Black Patients Face Poorer Long-term Outcomes After In-Hospital Cardiac Arrest

Differences in health outcomes between black and white patients persist even 5 years later, but what’s at the root of the disparities is unclear.

Black Patients Face Poorer Long-term Outcomes After In-Hospital Cardiac Arrest

That health disparities exist between black and white patients during their hospital stays will come as no surprise to clinicians. New research on in-hospital cardiac arrest, however, shows that these differences in outcomes can persist for years, with black patients being more than 10% less likely to survive at 1, 3, and 5 years after discharge.

Racial disparities in short-term survival after in-hospital cardiac arrest have been evaluated in previous studies, but Lena Chen, MD, MS (University of Michigan, Ann Arbor), and colleagues wanted to see what happens over the long term and what might be driving any differences.

“Understanding the source of racial differences in survival could guide efforts to narrow disparities and care and improve outcome,” Chen et al say. “If racial differences are explained by differences in treatment during postresuscitation care, neurological status at discharge, discharge destination, or postdischarge care, these may represent targets for reducing racial disparities in treatment and long-term survival amount patients with in-hospital cardiac arrest.”

In an email to TCTMD, Chen said she “was surprised that long-term survival for blacks was substantially and persistently lower than long-term survival for whites after in-hospital cardiac arrest. The magnitude and persistence of the difference in long-term survival is sobering."

The retrospective study, which looked at nearly 9,000 patients treated over a decade, was published earlier this month in Circulation.

The magnitude and persistence of the difference in long-term survival is sobering. Lena Chen

The researchers obtained data from Get With The Guidelines (GWTG)-Resuscitation, a national registry for in-hospital cardiac arrests. To determine long-term outcomes, they matched patients in the GWTG database to Medicare files using patient age, sex, admitting hospital, admission and discharge dates, as well as diagnosis and procedure codes. They ultimately evaluated survival rates of 8,764 patients who had an in-hospital cardiac arrest between 2001 and 2011 and were discharged from the hospital. The study included 7,652 white patients and 1,112 black patients, with a mean age of 76 and 75, respectively.

White patients had higher rates of survival at all time intervals.

Survival Rates After In-Hospital Cardiac Arrest

 

White Patients

Black Patients

P Value

1 Year

60.2%

43.6%

< 0.001

3 Years

45.3%

31.6%

< 0.001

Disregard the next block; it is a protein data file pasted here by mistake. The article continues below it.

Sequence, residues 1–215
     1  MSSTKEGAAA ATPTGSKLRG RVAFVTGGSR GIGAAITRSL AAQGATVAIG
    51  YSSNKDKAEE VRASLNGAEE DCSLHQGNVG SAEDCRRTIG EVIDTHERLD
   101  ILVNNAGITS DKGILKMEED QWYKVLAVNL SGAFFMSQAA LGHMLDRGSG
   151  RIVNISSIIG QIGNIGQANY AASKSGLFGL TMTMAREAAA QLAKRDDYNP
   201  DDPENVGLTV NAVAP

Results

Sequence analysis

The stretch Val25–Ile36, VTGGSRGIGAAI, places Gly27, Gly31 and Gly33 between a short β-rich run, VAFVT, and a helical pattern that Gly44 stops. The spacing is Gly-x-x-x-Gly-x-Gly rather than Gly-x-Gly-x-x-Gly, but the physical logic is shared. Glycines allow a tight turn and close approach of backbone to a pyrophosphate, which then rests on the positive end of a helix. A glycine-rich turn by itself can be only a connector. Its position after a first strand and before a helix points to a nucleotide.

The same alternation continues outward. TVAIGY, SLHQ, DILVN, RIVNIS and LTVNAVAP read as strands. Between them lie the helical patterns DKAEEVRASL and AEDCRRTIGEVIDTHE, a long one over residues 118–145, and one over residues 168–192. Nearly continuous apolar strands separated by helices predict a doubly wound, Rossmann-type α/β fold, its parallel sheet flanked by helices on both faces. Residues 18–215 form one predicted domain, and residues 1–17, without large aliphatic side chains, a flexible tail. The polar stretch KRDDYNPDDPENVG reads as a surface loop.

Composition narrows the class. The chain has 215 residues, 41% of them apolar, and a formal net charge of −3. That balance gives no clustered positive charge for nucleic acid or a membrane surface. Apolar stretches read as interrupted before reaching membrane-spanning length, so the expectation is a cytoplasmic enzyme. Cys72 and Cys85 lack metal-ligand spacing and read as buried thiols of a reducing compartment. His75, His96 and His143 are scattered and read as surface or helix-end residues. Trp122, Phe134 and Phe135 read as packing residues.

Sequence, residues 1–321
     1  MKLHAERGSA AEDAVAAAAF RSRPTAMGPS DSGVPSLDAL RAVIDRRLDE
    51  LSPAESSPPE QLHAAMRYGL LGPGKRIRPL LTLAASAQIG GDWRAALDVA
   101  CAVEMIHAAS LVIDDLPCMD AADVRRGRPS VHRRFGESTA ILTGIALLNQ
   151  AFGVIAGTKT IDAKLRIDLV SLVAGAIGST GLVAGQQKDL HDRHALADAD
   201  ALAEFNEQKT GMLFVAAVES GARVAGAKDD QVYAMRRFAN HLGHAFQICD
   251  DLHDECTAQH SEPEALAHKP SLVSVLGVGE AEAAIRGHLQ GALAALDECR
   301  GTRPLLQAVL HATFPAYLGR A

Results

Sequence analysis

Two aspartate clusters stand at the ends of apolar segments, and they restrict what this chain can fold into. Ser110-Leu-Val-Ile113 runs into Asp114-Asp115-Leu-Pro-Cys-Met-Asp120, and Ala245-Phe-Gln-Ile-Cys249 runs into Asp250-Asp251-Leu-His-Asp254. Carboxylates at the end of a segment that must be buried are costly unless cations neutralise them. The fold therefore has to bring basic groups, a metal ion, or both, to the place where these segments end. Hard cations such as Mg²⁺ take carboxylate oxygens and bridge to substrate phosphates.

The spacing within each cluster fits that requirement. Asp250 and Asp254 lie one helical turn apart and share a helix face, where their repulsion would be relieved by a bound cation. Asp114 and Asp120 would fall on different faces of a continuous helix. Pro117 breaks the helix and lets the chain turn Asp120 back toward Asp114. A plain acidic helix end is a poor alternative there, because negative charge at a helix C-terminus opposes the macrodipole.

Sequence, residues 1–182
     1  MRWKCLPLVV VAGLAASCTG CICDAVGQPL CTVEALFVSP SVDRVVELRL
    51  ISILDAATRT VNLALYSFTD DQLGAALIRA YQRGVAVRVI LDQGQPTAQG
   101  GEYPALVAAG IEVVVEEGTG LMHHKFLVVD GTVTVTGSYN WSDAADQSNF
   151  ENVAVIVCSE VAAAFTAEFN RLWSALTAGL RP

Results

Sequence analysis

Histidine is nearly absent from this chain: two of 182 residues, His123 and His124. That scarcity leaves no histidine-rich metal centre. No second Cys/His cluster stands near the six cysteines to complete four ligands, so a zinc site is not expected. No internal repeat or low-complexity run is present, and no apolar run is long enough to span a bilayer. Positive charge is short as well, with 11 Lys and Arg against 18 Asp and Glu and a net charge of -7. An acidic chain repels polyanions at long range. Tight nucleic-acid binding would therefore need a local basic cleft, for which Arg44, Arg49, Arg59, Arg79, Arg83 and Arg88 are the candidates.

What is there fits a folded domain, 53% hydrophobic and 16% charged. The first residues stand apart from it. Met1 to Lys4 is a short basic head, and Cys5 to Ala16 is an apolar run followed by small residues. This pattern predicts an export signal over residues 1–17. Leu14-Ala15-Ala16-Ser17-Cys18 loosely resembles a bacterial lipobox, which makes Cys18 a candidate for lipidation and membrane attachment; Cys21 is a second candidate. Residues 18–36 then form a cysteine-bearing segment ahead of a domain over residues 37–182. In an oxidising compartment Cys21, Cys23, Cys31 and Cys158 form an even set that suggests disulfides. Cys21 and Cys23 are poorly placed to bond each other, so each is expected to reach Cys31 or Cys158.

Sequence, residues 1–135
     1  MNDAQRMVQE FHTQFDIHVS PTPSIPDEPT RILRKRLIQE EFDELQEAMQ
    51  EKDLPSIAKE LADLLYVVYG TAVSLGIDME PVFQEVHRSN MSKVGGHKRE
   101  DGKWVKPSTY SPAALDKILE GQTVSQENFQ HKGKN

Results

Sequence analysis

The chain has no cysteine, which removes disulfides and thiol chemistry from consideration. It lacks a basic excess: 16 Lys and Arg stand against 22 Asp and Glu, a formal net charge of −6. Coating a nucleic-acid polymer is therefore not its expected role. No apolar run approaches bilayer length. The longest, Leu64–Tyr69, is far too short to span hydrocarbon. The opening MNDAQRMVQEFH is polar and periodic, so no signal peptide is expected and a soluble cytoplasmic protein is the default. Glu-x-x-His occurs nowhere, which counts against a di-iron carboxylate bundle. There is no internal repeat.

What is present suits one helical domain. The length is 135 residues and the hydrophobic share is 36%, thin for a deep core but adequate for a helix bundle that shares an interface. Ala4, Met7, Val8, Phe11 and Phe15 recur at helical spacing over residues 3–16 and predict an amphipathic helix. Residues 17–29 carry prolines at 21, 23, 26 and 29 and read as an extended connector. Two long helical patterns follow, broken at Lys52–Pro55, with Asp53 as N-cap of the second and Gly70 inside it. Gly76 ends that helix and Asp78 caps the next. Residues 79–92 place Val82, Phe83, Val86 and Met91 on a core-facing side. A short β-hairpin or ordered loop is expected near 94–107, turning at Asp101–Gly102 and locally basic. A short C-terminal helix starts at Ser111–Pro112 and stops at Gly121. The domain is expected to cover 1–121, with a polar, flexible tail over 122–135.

5 Years

35.4%

23.5%

< 0.001


Black patients were 28% less likely than white patients to live to 1 year after hospital discharge (RR 0.72; 95% CI 0.67-0.78). The pattern was similar after 3 years (RR 0.71; 95% CI 0.63-0.79) and 5 years (RR 0.67; 95% CI 0.57-0.78). At discharge, black patients were more likely to have moderate to severe neurological disability. Black patients were also more likely to be discharged to skilled nursing or long-term care facility than white patients.

Unexplained Differences

Differences in patient-related factors, including age, sex, initial rhythm and location of cardiac arrest, and clinical comorbidities such as diabetes and heart failure, explained 29% of the disparity between 1-year survival in the two patient groups. Interventions before and after the cardiac arrest explained a further 17% of survival disparities. Adjusting for these factors narrowed the 1-year survival gap (RR 0.85, 95% CI 0.80-0.92); however, the authors could not account more than half of the disparity of 1-year survival between black and white patients. Over 37% of racial disparities in survival remained unexplained at years three and five.

The remaining differences could potentially be caused by postdischarge factors such as the quality of care in longer-term care facilities, the authors say. It has previously been reported that black patients are “less likely to be admitted to high-quality skilled nursing facilities and nursing homes,” and tend to have more isolated outpatient providers with fewer access to resources, they note.

Additionally, factors such as social support and health insurance could have an impact, Chen told TCTMD. She and her co-authors hope that additional research can reveal other influential factors in postdischarge care and investigate “whether interventions can be developed to eliminate racial disparities in care and survival for cardiac arrest survivors.”

Beyond future research, Chen advised that physicians should prioritize clear communication between care teams as patients transfer out of the hospital. “When patients move from the inpatient setting to a rehab facility and back to their primary care provider, sometimes information can get lost or miscommunicated,” she said. “That ultimately effects care, whether you are a cardiac arrest survivor or another type of patient.”

Sources
Disclosures
  • Chen reports having served as a senior advisor to the Deputy Assistant Secretary for Health Policy in the US Department of Health and Services and a consultant for the American Health Association.
  • The GWTG-Resuscitation database is sponsored by the American Heart Association.

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